Sustainable Development Goals (SDGs)

 

The Sustainable Development Goals are the blueprint to achieve a better and more sustainable future for all. They address the global challenges we face, including those related to poverty, inequality, climate, environmental degradation, prosperity, and peace and justice. The Goals interconnect and in order to leave no one behind, it is important that each Goal and target are achieved by 2030.

 

National Action on the SDGs in Bhutan

 

As a holistic and responsible approach to sustainable development, Gross National Happiness (GNH) is, in the words of His Majesty the King, “development with values”. GNH is a development philosophy within which all the 17 Sustainable Development Goals are contained. The nation’s Five Year Plans are carefully guided by GNH and resonates strongly with the SDGs, with clear synergies in vision and opportunities for practical application.

 

Guided by the development philosophy of GNH, Bhutan is committed to realizing the 2030 Agenda for Sustainable Development.

 

Bhutan will graduate from the Least Developed Category (LDC) on completion of the 12th Five Year Plan (FYP) period (2018-2023). The 12th Plan will be Bhutan’s transition plan to non-LDC status during which concerted national efforts will continue towards implementing the SDGs.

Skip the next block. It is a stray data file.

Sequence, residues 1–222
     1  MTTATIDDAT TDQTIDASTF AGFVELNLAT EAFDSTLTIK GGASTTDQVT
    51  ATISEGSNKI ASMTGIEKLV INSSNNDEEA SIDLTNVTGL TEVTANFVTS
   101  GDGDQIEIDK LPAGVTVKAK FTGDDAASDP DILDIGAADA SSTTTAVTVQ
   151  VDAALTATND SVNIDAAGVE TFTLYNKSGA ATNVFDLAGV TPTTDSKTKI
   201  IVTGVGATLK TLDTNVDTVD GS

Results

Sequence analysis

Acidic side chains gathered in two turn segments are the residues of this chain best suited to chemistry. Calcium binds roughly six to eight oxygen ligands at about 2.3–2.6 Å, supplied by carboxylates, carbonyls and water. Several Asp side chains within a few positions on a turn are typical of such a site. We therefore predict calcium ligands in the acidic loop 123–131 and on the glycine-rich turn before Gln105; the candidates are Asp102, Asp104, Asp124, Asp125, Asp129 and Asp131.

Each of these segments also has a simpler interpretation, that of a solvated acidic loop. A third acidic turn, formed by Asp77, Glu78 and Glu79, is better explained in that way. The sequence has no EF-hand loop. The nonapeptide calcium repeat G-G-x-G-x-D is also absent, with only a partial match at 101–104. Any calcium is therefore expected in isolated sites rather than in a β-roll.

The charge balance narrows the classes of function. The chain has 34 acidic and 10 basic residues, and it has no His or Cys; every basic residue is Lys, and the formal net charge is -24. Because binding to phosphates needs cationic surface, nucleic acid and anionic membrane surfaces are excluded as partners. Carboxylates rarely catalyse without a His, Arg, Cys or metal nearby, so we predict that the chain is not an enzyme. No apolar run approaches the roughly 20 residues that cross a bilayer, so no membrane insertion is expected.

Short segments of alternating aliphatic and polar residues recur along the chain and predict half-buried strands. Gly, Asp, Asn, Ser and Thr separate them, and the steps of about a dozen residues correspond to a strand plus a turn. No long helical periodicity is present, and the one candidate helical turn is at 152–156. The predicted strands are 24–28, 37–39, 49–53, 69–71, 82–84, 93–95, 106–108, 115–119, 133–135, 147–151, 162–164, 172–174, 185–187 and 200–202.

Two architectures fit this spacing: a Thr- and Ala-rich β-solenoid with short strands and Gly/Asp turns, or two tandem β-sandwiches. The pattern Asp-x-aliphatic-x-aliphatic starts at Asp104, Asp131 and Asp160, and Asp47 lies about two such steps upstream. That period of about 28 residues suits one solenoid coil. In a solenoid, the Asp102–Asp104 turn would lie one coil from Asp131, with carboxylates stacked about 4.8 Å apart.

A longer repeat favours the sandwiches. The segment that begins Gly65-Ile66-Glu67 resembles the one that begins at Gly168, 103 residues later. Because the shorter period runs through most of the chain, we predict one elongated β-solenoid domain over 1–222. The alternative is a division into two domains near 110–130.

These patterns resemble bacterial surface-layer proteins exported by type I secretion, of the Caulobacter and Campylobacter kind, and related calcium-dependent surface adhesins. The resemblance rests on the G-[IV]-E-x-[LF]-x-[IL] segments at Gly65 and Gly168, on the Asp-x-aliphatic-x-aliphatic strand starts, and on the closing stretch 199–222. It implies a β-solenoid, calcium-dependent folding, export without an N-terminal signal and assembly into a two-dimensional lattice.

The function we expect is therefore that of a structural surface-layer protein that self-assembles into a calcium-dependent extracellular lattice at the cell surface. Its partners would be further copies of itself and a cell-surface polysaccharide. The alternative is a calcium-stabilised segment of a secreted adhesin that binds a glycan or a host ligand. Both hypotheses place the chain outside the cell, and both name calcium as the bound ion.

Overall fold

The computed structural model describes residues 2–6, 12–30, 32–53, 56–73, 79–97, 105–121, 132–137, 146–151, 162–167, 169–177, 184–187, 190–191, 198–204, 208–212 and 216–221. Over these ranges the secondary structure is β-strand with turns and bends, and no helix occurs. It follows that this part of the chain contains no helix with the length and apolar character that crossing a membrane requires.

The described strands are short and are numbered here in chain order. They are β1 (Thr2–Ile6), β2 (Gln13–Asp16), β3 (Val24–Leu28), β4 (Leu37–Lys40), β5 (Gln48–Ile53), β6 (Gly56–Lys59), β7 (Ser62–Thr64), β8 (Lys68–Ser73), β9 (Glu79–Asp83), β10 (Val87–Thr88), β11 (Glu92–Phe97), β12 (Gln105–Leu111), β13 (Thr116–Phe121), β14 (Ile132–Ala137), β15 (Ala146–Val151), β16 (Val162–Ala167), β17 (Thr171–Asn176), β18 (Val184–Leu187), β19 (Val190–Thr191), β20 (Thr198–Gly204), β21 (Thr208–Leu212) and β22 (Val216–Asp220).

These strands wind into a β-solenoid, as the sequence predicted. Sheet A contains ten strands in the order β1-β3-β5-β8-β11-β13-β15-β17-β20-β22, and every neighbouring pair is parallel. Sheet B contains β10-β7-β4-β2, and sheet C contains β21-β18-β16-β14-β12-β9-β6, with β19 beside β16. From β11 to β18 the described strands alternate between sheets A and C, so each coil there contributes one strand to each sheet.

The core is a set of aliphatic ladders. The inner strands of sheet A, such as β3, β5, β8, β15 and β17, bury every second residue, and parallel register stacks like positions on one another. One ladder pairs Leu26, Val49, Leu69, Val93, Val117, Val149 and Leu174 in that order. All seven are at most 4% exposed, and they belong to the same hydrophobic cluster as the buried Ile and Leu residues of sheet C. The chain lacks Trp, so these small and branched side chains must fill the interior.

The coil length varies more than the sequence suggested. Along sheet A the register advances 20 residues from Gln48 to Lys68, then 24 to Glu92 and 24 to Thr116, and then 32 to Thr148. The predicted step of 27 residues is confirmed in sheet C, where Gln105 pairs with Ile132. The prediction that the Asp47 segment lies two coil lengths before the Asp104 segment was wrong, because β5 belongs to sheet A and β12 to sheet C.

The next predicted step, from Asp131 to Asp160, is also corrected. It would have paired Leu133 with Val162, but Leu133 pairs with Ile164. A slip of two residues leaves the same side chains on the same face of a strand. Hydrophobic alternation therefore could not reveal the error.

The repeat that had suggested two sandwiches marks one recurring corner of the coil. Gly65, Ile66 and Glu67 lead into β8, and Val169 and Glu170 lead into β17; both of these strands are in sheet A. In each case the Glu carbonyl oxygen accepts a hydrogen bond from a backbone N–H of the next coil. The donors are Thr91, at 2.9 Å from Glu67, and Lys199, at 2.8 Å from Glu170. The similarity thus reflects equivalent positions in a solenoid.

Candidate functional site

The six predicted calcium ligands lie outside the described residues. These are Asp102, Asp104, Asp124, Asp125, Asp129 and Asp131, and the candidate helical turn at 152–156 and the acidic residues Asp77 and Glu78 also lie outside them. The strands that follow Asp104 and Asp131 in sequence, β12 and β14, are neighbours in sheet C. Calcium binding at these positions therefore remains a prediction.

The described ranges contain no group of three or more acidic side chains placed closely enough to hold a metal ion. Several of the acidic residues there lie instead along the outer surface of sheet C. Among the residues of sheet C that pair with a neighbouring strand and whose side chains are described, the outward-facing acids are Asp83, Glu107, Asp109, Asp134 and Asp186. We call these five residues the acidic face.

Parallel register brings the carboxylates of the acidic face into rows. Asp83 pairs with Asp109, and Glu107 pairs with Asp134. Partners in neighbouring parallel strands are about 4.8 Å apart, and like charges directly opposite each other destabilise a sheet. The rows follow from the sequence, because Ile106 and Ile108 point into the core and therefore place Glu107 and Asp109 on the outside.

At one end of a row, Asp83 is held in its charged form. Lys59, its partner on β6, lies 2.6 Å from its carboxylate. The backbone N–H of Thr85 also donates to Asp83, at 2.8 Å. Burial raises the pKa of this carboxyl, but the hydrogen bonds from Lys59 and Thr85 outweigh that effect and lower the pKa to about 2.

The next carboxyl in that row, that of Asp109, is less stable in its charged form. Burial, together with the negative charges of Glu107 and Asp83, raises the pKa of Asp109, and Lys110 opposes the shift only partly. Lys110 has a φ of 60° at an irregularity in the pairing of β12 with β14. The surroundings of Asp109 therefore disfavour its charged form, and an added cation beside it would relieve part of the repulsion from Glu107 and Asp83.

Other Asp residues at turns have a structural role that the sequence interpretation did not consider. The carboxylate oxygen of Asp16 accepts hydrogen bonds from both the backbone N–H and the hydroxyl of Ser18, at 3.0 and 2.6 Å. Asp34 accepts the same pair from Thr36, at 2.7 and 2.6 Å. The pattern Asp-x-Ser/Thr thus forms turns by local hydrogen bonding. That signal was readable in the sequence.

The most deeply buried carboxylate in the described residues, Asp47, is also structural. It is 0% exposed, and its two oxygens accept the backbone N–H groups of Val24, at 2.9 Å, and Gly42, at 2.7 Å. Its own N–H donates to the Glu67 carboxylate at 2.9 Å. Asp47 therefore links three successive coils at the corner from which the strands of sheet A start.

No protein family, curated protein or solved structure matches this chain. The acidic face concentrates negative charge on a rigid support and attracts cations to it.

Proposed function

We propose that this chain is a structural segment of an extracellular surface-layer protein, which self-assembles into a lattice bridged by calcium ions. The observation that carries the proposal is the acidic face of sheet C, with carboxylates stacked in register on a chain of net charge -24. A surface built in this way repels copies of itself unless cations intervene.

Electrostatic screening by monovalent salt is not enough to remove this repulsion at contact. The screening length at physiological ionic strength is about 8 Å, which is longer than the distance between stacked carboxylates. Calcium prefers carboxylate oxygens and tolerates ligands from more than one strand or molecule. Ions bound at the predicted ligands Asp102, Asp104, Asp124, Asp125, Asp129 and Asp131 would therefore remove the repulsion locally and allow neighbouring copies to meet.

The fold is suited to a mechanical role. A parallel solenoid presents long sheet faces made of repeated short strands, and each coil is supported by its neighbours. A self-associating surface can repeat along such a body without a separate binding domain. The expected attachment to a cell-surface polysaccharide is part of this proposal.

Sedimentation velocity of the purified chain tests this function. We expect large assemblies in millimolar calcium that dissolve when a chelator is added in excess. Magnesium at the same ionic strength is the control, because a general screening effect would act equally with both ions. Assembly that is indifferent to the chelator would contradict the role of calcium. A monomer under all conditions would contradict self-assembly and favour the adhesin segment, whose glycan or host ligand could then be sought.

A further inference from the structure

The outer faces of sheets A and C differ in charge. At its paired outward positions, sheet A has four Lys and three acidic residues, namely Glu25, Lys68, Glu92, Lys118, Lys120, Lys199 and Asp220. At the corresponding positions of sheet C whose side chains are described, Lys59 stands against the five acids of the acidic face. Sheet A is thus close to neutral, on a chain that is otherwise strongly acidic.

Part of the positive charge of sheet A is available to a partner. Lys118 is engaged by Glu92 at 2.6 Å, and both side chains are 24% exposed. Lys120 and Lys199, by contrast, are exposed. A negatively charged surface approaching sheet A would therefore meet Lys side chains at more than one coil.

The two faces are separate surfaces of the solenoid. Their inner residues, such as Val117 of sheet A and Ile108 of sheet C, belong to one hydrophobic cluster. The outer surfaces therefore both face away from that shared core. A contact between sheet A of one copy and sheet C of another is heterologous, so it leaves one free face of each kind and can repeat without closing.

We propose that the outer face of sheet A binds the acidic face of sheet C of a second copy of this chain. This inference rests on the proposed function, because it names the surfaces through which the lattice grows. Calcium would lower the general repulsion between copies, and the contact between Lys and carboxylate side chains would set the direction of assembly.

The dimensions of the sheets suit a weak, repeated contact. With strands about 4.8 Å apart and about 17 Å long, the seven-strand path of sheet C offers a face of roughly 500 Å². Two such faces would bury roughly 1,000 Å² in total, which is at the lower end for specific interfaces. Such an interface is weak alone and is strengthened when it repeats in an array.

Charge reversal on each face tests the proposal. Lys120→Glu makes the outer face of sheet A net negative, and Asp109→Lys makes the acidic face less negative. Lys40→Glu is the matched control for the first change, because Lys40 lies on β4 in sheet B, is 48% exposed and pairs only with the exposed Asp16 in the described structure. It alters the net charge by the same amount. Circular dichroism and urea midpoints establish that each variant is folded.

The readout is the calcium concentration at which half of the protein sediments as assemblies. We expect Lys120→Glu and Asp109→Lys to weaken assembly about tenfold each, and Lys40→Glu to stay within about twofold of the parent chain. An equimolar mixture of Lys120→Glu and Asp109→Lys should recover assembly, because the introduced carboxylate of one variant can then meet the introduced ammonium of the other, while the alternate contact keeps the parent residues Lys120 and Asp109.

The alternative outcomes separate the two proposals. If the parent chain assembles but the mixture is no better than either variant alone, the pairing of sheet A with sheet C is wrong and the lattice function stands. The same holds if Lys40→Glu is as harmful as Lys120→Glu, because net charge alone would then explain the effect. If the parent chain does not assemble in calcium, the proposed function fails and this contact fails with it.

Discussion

Bhutan is well on track in implementing the SDGs. Having made great progress in its socio-economic development, the incidences of income poverty reduced from 23.2 per cent in 2007 to 8.2 in 2017, while multidimensional poverty fell from 12.7 per cent in 2012 to 5.8 in 2017 respectively. Income inequality, on average, has remained at a minimal level; and the economy has grown at an average of 7.5 per cent along with structural changes. The share of the industry to total GDP has increased to 41.5 per cent in 2016 from 11.5 per cent in 1980, and service sector contributed about 42 per cent to the total GDP. Bhutan’s population today is increasingly urbanized, young, and educated with half the population below 28 years; and unemployment under 2.5 per cent.

 

Despite the progress made, Bhutan faces the last mile challenges such as poverty eradication, bridging the gaps in income inequality, economic diversification and addressing the needs of the vulnerable groups.

 

With the objective of a Just,Harmonious and Sustainable Society through enhanced Decentralization, the 12th Plan and its 17 national key result areas are drawn from the timeless vision and wisdom emanating from the Golden Throne. Reflecting Bhutan’s status as an active member of the global community, it also takes into consideration the SDGs and other regional and international commitments.

 

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